Whenever I see something that can be vectorised with a repmat, I try to figure out if I can rewrite it as a bsxfun. The result is usually horrible to look at so I tend to keep the original loop commented out above it as an explanation! This particular example isn’t too bad but bsxfun can quickly get hairy.

**Conclusion**

Loops in MATLAB aren’t anywhere near as bad as they used to be thanks to advances in JIT compilation but it can often pay, speed-wise, to switch to vectorisation. The price you often pay for this speed-up is that vectorised code can become very difficult to read.

If you’d like the code I ran to get the timings above, it’s on github (link refers to the exact commit used for this post) . Here’s the output from the run I referred to in this post.

Original loop time is 2.025441 Preallocate and loop is 0.048643 Meshgrid time is 0.025277 Matmul time is 0.032069 Repmat time is 0.009030 Cumsum time is 0.051966 bsxfun time is 0.004527

- MATLAB Version: 2015a
- Early 2015 Macbook Pro with 16Gb RAM
- CPU: 2.8Ghz quad core i7 Haswell

This post is based on a demonstration given by Mathwork’s Ken Deeley during a recent session at The University of Sheffield.

I’ve been working at The University of Manchester for almost a decade and will be leaving at the end of this week! A huge part of my job was to support a major subset of Manchester’s site licensed application software portfolio so naturally I’ve made use of a lot of it over the years. As of February 20th, I will no longer be entitled to use any of it!

This article is the second in a series where I’ll look at some of the software that’s become important to me and what my options are on leaving Manchester. Here, I consider MATLAB – a technical computing environment that has come to dominate my career at Manchester. For the last 10 years, I’ve used MATLAB at least every week, if not most days.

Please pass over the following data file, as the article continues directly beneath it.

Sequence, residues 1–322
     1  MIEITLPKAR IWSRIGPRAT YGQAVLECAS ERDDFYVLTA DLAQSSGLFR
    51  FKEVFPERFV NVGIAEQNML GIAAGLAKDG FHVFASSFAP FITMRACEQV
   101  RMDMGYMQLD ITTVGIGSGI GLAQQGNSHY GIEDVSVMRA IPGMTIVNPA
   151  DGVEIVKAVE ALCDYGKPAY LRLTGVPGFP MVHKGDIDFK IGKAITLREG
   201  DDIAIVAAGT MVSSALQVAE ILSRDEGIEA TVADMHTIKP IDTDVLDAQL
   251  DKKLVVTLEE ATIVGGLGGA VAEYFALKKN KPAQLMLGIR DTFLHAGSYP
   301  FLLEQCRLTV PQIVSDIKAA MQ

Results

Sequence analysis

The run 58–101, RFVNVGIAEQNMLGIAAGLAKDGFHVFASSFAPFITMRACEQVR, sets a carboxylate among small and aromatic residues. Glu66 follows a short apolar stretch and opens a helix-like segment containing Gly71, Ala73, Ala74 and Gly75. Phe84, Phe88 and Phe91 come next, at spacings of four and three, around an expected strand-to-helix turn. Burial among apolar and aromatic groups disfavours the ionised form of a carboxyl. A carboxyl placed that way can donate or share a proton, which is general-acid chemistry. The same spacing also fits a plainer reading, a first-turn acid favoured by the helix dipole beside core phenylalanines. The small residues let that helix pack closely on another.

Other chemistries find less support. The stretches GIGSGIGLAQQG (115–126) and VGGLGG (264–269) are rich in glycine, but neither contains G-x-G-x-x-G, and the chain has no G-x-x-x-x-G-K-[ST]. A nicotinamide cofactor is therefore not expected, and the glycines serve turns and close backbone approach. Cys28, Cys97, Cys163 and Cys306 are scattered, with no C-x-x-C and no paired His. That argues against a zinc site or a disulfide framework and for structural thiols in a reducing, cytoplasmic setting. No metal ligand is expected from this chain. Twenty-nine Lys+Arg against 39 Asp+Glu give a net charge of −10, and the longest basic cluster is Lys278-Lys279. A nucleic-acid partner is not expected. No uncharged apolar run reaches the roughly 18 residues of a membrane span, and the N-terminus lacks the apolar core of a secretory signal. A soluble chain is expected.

I had a standalone license for MATLAB and several toolboxes – Simulink, Image Processing, Parallel Computing, Statistics and Optimization. Now, I’ve got nothing! Unfortunately for me, I’ve also got hundreds of scripts, mex files and a few Simulink models that I can no longer run! These are my options:

**Go somewhere else that has a MATLAB site license**

- I’ll soon be joining the University of Sheffield who have a MATLAB site license. A great option if you can do it.

**Use something else**

- Octave – Octave is a pretty good free and open source clone of MATLAB and quite a few of my programs would work without modification. Others would require some rewriting and, in some cases, that rewriting could be extensive! There is no Simulink support.
- Scilab – It’s free and it’s MATLAB-like-ish but I’d have to rewrite my code most of the time. I could also port some of my Simulink models to Scilab as was done in this link.